.- As Americans continue to shift towards pro-life views, the Center for Reproductive Rights (CRR) has issued a report analyzing the continuing decline in abortion providers and calling for abortion to be accepted as a part of mainstream health care.
In its âDefending Human Rightsâ report, the CRR voiced its concern over the declining number of abortion providers throughout the country. According to the Guttmacher Institute, the number of abortion providers in the U.S. declined by 25% between 1992 and 2005.
The report found that some states in the U.S. currently have as few as one abortion provider. International abortion providers are struggling as well, as indicated by the ending of the Women on Waves organization, which used to operate a boat in international seas, providing abortifacient pills for women living in countries where abortion is illegal.
In particular, the CRR noted with concern that there are âfew new, young doctors entering the fieldâ and as a result, the number of abortion providers âis dwindling almost across the board.â
The CRR attributes this decrease to harassment and attacks that it claims are âroutinely targetedâ at abortion providers and clinics.
Mary Spaulding Balch, state legislative director for the National Right to Life Committee, told CNA that she believes the real reason for this decrease in abortionists is the nature of abortion itself.
âI think they have been diminishing in number for years because this is the type of trade that is contrary to the reason that people go to medical school,â said Spaulding Balch, observing that most people enter the medical field with hopes of preserving and saving life, not destroying it.
âItâs difficult to find people willing to be abortionists,â she said. âItâs not easy on the nerves.â
Spaulding Balch believes that the lack of young doctors entering the abortion industry is due largely due to a change in perspective due to new technology, including ultrasounds and fetal surgery. The older generation of doctors began practicing when ultrasounds were not common and fetal surgery was nonexistent, she explained.
But developments in those two areas make it very clear that the unborn child is indeed a living human being. âNewer generations of doctors are understanding the unborn child as the second patient,â she told CNA.
The CRR report also denounced laws requiring a waiting period before obtaining an abortion, as well as those that require an ultrasound to be performed, or counseling and materials to be given to women. The publication claimed that such information is âirrelevant, unnecessary, misleading, or medically inappropriate informationâ for women considering an abortion.
Spaulding Balch responded to this claim by saying that abortion supporters are hesitant to inform women because âthe more information a woman has on the subject, the less likely she is to go forward with the abortion.â
âIf they were truly pro-choice, as they claim to be, they would not be afraid of giving the woman more information, so that she can make the best choice possible,â she continued, noting the important role of information in true consent.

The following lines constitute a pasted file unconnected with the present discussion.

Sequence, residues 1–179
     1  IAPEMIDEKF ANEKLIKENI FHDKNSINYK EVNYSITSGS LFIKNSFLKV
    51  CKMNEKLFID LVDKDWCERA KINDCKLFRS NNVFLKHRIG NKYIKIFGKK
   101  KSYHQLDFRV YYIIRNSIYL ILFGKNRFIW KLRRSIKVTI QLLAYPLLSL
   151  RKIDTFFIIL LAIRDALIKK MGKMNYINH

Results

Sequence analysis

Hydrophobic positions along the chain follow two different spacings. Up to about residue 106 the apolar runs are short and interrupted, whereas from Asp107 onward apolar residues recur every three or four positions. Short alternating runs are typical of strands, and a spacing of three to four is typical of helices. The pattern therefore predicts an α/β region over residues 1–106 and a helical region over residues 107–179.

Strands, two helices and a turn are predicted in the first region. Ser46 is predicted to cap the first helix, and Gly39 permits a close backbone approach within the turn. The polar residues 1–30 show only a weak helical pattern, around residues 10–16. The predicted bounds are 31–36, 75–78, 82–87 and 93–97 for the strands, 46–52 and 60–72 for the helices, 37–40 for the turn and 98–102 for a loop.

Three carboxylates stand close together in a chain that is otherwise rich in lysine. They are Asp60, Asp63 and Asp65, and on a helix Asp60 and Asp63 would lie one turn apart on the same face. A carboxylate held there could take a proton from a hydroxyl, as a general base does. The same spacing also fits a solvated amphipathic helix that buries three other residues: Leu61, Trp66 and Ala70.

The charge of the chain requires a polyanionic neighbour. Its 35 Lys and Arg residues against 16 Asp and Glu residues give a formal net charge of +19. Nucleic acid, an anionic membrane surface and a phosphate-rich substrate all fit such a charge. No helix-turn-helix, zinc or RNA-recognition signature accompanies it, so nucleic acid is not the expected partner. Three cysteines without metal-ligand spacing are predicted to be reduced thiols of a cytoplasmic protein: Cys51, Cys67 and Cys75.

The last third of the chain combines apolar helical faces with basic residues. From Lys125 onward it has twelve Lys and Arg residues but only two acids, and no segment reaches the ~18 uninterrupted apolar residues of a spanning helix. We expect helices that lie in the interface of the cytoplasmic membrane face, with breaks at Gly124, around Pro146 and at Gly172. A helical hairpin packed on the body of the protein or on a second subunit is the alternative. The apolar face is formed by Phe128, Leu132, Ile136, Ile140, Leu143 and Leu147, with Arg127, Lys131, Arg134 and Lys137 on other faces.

Rather than being âirrelevantâ or âmedically inappropriate,â Spaulding Balch explained to CNA that the information required to be given to women seeking an abortion is actually âsimple and basic.â
This information includes a description of what the abortion procedure entails, possible risks of the procedure and possible alternatives. âThis would be considered normal and reasonable information for any other procedure,â she said.
âThis information is all reasonable, rational, and relevant to the decision the mother is about to make.â
Another topic included in the CRR report is the âstigmaâ of abortion providers among medical professionals and the general public. The document says that abortion is âmarginalized and perceived as âdirtyâ and outside of normal medicine practice,â and that this negative image results in many doctors refusing to perform, assist in, or even refer abortions.
The report claims that this stigma exists âbecause abortion is not integrated into mainstream healthcare.â
Saying that it is a ânormal human reactionâ for people to be repulsed by the idea of abortion, Spaulding Balch rejected CRR's argument. âThere is something inherently evil about it,â she said, explaining that people understand this instinctively, and that is why they are still not comfortable with it, even 30 years after its legalization.
Spaulding Balch contrasted abortion with other medical procedures that are uncommon or may be otherwise ânot integrated into mainstream health care,â but which the general public does not view with distrust. The fact that it is not mainstream health care is not the cause of the revulsion, she said. Rather, it is the horror of the abortion itself. âThere is an inherent distinction between treating a rare disease and killing a living human.â
The publication of the report comes amid discussions of a health care reform package that would allow abortion to be required as a minimum health care benefit. Spaulding Balch explained to CNA that abortion advocates are working intensely to have the package approved in an attempt to save the dying industry.
âThe abortion industry knows that they need this for their survival. They must make abortion part of mainstream health care, or the industry will see its demise,â she said.